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Top Story

May 4, 2016

Pakistan to follow suit if India increases military might, says Sartaj

Top Story

May 4, 2016


ISLAMABAD: Adviser to the Prime Minister on Foreign Affairs Sartaj Aziz on Tuesday expressed concern over India’s growing military power and said if it was not checked, Pakistan would be forced to increase its strategic power.

The adviser said Pakistan would acquire the F-16 aircraft from other countries if funds were not made available from the United States. Talking to the media after inaugurating a seminar on Pakistan’s non-proliferation efforts and strategic export control system, Sartaj said Pakistan wanted the F-16 fighter jets from the US to help its counter-terrorism efforts.

“Pakistan will buy F-16s from some other country if funding (from the US) is not arranged,” he said. Sartaj said though the United States had stopped funding for the fighter jets yet it was still providing 265 million dollars annually to Pakistan.

The statement by the adviser comes in the wake of remarks of the US State Department Spokesperson John Kirby who said Pakistan should fund the whole purchase of F-16 jet fighters on its own. “Given Congressional objections we have told the Pakistanis that they should put forward national funds for that purpose,” the spokesperson told reporters during the weekly press briefing.

Pakistan had reached an understanding with the US for the purchase of eight F-16 aircraft. The adviser said an Afghan Taliban delegation from Doha was in Islamabad. Such contacts, he added, were maintained by all members of the Quadrilateral Coordination group comprising the US, China, Afghanistan and Pakistan with the objective of revival of peace process in Afghanistan.

Sartaj said the government had rejected the American pressure on handing over of Shakeel Afridi, who helped the United States trace Osama bin Laden. “For the US he is a hero but for Pakistan he is a criminal,” he said and added that Afridi’s case was under review by a tribunal as he was also suspected of links with terrorist organisations.

Earlier, Sartaj in his address at the seminar at the Institute of Strategic Studies, said Pakistan was strongly committed to the objective of nuclear security. “Our nuclear security paradigm that evolved over the years is effective and responsive against the entire range of possible threats,” he said.

He said nuclear security regime in Pakistan was dynamic and regularly reviewed and updated. Sartaj said in line with the commitment made during the 2014 NSS, Pakistan had ratified the 2005 Amendment to the Convention on the Physical Protection of Nuclear Material (CPPNM).

“This was reaffirmation of Pakistan’s confidence in its national nuclear security regime which was consistent with the contemporary international standards,” he added.He said Pakistan’s nuclear security regime was based on national legislative regulatory and administrative framework.

Sartaj Aziz said the elements of nuclear security in Pakistan included robust command and control system led by the National Command Authority (NCA), rigorous regulatory regime, comprehensive export controls and international cooperation.

“We follow the principle of multi-layered defence to prevent and effectively respond to the entire spectrum of threats,” he said. The adviser said over the years, Pakistan had streamlined and strengthened its export control regime and enhanced its engagement with multilateral export control regimes. He said Pakistan’s export control regime was at par with the standards followed by the Nuclear Suppliers Group (NSG), Missile Technology Control Regime (MTCR) and Australia Group. He said Pakistan was a peace loving country that was compelled to acquire nuclear deterrence in the face of grave threats to its security and integrity.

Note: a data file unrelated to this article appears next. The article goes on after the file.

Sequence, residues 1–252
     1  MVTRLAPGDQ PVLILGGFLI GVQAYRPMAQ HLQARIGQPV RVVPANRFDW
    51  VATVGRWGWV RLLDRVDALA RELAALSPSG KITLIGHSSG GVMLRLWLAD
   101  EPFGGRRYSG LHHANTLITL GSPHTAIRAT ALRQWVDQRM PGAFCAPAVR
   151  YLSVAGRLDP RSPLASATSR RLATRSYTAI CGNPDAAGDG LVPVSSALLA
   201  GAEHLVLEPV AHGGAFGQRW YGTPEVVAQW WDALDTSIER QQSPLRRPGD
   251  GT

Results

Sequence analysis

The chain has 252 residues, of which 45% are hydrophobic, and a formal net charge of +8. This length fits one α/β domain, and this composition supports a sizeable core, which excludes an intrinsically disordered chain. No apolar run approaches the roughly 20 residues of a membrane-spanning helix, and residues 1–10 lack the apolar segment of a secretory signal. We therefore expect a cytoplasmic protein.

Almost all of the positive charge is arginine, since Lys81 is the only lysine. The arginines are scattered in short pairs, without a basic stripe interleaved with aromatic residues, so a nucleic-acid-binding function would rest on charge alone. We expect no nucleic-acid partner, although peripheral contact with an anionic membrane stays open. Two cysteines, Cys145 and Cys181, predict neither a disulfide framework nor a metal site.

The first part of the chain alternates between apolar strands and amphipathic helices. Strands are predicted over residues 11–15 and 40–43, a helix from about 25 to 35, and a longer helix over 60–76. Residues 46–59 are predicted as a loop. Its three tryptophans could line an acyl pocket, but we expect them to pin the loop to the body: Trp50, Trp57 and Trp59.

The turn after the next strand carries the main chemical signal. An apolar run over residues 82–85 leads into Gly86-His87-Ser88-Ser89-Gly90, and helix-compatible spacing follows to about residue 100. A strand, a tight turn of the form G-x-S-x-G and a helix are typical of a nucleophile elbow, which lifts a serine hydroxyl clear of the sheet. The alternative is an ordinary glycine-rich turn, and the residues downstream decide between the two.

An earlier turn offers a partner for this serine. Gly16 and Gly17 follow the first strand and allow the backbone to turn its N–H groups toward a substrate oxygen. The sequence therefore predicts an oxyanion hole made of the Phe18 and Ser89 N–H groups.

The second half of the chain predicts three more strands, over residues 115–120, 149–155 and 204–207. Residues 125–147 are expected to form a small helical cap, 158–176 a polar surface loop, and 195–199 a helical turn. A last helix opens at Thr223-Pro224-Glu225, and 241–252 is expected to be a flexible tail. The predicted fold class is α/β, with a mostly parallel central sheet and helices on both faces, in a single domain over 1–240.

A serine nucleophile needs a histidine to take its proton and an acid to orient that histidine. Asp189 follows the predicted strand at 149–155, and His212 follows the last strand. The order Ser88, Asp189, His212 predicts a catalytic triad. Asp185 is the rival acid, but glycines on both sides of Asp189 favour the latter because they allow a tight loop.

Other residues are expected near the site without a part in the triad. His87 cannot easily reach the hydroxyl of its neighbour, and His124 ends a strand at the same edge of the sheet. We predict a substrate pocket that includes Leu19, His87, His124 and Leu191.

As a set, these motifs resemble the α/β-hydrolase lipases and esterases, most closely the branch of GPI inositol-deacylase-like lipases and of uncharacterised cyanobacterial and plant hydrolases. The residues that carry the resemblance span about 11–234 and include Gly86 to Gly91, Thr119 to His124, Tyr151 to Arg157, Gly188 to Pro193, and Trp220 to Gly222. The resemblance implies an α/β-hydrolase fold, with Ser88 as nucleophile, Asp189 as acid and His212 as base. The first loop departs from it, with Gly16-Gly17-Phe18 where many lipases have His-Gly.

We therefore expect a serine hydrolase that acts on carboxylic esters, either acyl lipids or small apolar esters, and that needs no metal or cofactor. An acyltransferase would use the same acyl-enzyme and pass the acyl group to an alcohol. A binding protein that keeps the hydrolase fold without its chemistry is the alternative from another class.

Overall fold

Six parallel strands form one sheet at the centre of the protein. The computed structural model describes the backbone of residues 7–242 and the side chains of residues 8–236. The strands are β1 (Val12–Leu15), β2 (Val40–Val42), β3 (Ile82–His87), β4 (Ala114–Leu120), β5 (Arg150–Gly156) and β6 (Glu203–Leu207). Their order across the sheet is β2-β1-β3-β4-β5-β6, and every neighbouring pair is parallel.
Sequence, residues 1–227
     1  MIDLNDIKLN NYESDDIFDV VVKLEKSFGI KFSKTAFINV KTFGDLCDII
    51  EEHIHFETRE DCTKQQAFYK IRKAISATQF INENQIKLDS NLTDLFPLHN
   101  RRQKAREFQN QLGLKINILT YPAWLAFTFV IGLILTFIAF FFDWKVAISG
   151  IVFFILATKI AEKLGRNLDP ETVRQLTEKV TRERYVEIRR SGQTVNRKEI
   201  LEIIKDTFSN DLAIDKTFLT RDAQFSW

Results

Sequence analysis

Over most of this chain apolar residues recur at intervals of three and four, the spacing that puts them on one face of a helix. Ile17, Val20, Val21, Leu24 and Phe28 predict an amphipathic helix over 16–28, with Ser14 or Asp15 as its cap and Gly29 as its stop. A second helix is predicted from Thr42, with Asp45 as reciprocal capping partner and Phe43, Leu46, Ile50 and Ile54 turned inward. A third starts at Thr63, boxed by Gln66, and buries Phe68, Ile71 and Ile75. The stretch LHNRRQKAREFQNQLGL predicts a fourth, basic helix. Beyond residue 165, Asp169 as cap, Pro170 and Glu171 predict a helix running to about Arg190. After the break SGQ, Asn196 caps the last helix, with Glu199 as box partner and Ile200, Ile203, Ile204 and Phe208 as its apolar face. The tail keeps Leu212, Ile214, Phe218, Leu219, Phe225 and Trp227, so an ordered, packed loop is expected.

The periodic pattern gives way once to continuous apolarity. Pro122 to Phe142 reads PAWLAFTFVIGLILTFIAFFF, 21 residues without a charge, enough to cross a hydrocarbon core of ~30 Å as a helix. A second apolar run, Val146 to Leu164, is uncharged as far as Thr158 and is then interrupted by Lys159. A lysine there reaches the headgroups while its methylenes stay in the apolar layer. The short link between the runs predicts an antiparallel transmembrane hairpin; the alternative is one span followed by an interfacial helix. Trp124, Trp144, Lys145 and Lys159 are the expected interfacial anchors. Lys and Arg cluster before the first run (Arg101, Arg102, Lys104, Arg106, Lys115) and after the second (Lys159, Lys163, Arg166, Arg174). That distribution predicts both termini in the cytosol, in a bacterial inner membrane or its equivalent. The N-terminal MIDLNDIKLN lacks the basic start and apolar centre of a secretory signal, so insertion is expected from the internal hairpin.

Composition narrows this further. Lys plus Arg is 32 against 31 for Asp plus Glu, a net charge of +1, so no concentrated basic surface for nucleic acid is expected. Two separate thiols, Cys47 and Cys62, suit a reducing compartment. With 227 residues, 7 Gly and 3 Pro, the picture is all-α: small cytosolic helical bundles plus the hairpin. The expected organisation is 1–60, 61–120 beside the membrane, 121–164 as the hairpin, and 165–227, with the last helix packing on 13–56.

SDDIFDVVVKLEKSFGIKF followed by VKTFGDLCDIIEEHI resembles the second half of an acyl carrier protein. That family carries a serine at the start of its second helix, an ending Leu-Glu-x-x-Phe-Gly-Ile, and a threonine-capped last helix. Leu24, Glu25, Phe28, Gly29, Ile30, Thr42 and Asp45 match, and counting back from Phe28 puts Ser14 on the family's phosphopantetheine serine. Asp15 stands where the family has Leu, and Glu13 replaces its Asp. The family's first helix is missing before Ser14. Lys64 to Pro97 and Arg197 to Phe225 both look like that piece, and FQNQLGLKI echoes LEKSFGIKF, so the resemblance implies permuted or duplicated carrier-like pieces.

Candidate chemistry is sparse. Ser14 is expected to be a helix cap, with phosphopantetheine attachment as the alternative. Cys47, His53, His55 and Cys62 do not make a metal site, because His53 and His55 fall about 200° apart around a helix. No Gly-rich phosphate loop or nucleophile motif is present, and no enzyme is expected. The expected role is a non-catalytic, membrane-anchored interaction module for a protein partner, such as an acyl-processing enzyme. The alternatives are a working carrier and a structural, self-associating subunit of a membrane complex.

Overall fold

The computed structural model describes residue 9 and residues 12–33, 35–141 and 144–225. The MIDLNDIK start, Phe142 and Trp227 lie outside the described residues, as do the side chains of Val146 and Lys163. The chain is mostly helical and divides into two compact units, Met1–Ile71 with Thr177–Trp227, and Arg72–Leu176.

“As a responsible state, Pakistan remains fully committed to the objectives of non-proliferation and disarmament and shares the global concern that proliferation of weapons of mass destruction (WMDs) poses serious threat to international peace and security,” he said.

Sartaj Aziz said Pakistan made several proposals for keeping South Asia free of nuclear weapons and their delivery systems, including simultaneous accession to NPT since 1974 when the first nuclear test was conducted in its neighbourhood. But none of the proposals met a favourable response, he regretted.

He said Pakistan had always endeavoured to fulfil its international obligations and was a state party to various international instruments, including CWC, BTWC, PTBT, CPPNM and IAEA code of conduct on safety and security of radioactive sources and participates in the IAEA Incident and Trafficking Database (ITDB).

“We also actively participate in the Global Initiative to Combat Nuclear Terrorism (GICNT) and regularly submit reports to the UN Security Council 1,540 Committee on the measures we take to exercise control over transfer of sensitive materials and technologies,” he said.

The adviser also spoke of the negative impact on South Asia’s strategic stability owing to policies that were being guided by individual state’s strategic and commercial considerations. He pointed to the Indo-US civil nuclear deal and the subsequent discriminatory waiver granted to India by the NSG.

“Eight years down the road, one wonders what benefit the non-proliferation regime has secured from the deal,” Sartaj said. He said the introduction of nuclear submarines, development of ABM system and massive acquisition of conventional weapons prompt offensive inclinations manifested in doctrines such as the Cold Start and proactive operations that pose a serious threat to regional stability.